China will not agree to the US pushing back the mainland's proposed date for the scrapping of American quotas on imports of Chinese textiles in exchange for World Trade Organisation (WTO) entry, State Councillor Wu Yi told Hong Kong trade delegates yesterday.
China has requested during talks on membership to the trade body that the United States increase its annual quota for mainland textile imports until scrapping the quota system entirely by 2005.
But the US has said 2005 was too early to remove all barriers for textile imports.
Washington wants the quotas to remain at least until 2010.
In a meeting with Hong Kong delegates at the Third International Investment and Trade Fair in Xiamen yesterday, Ms Wu said China would stand firm on the issue.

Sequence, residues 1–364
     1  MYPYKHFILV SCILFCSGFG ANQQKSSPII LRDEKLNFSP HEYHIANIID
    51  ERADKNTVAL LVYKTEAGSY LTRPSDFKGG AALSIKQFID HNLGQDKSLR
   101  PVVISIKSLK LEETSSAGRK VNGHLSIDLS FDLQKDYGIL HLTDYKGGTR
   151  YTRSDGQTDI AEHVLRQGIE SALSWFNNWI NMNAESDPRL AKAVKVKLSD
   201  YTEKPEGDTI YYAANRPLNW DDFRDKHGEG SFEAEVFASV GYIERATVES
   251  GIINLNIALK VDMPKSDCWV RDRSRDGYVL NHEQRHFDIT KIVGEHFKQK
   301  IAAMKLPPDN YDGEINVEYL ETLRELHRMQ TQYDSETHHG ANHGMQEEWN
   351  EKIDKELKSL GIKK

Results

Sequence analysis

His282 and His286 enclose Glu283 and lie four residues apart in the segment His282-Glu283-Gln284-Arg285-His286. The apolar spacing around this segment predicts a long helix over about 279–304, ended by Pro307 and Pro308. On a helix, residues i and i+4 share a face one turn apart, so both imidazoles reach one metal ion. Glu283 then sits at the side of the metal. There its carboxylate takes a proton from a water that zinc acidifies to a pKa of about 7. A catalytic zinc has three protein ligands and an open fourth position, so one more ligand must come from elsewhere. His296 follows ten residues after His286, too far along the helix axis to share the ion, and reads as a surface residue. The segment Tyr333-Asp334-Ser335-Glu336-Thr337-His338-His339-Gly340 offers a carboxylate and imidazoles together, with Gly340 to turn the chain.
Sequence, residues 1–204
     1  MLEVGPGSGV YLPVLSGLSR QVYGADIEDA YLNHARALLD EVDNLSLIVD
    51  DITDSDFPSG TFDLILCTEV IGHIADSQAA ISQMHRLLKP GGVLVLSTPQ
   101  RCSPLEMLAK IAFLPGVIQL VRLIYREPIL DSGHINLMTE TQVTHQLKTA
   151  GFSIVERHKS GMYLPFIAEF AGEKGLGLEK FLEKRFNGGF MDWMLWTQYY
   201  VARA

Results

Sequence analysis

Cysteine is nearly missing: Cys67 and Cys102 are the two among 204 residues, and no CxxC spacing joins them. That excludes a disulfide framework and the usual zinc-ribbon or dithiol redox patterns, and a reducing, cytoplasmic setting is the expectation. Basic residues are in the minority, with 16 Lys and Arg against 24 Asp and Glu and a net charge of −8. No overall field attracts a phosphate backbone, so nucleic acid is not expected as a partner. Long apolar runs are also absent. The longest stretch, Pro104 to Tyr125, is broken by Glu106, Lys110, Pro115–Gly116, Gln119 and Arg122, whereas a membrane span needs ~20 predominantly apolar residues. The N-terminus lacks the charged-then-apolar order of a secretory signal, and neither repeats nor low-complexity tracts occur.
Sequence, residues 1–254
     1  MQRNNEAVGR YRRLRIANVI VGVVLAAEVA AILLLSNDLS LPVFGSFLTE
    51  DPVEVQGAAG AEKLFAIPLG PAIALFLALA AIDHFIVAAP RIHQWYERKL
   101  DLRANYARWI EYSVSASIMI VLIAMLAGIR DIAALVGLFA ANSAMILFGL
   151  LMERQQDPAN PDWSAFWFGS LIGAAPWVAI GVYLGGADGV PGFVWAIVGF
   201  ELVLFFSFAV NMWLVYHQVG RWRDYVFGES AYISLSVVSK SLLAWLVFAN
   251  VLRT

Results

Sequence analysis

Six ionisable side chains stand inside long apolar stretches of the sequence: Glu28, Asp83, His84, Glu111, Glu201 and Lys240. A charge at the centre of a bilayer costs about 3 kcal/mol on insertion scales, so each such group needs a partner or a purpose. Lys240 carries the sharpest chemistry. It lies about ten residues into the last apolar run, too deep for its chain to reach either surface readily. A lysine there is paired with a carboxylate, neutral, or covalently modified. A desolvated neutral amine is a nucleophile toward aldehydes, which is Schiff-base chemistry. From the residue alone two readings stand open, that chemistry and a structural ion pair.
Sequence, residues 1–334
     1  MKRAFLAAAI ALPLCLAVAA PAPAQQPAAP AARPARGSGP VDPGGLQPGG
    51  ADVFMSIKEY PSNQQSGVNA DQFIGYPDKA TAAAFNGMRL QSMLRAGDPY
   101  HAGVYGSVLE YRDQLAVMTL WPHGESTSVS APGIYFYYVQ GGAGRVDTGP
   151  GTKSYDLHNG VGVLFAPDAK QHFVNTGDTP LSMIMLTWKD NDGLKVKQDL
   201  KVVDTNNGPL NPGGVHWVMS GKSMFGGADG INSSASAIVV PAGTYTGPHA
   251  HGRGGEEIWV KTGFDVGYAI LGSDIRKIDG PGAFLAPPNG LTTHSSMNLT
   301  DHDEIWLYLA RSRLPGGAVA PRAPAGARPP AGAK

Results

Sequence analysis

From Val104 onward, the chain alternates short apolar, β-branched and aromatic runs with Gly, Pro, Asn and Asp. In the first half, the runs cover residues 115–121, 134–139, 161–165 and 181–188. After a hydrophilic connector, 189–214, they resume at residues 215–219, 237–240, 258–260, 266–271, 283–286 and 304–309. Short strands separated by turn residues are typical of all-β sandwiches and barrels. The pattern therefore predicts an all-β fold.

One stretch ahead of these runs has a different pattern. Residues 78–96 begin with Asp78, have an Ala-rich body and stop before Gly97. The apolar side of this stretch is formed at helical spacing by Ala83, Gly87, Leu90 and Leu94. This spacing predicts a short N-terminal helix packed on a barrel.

Ms Wu did not identify other principles that China would insist on in the Sino-US negotiation, nor did she mention if China would reconsider the concessions made by Premier Zhu Rongji in his trip to the US in the new round of talks.
Ms Wu said China's foreign reserves had exceeded US$150 billion (HK$1,161 billion) by August.
She said the mainland's foreign reserves had been struggling to break through the bottleneck of US$150 billion since the regional financial crisis broke two years ago.
Analysts said the strength of the reserve was an encouraging sign for a stable renminbi.
The former minister of foreign trade and co-operation said she also was eager to revive slacking foreign investment.
Ms Wu assured foreign investors that China would adhere to its open-door policy regardless of the political situation.
Ms Wu said China had been improving its infrastructure for foreign investors over the last two decades and would continue to build up its services for investors in the coming years.